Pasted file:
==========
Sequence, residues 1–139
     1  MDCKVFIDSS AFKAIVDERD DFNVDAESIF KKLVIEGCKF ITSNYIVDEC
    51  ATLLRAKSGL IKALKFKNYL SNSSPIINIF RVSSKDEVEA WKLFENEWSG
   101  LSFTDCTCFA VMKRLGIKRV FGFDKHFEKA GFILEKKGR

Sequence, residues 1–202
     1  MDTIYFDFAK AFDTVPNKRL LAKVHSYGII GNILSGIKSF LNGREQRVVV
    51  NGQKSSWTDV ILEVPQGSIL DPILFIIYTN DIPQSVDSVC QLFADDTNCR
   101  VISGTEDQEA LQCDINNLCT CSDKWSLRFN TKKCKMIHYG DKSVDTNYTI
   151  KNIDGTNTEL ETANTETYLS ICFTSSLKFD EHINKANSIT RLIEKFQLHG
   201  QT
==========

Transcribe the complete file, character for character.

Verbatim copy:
Sequence, residues 1–139
     1  MDCKVFIDSS AFKAIVDERD DFNVDAESIF KKLVIEGCKF ITSNYIVDEC
    51  ATLLRAKSGL IKALKFKNYL SNSSPIINIF RVSSKDEVEA WKLFENEWSG
   101  LSFTDCTCFA VMKRLGIKRV FGFDKHFEKA GFILEKKGR

Sequence, residues 1–202
     1  MDTIYFDFAK AFDTVPNKRL LAKVHSYGII GNILSGIKSF LNGREQRVVV
    51  NGQKSSWTDV ILEVPQGSIL DPILFIIYTN DIPQSVDSVC QLFADDTNCR
   101  VISGTEDQEA LQCDINNLCT CSDKWSLRFN TKKCKMIHYG DKSVDTNYTI
   151  KNIDGTNTEL ETANTETYLS ICFTSSLKFD EHINKANSIT RLIEKFQLHG
   201  QT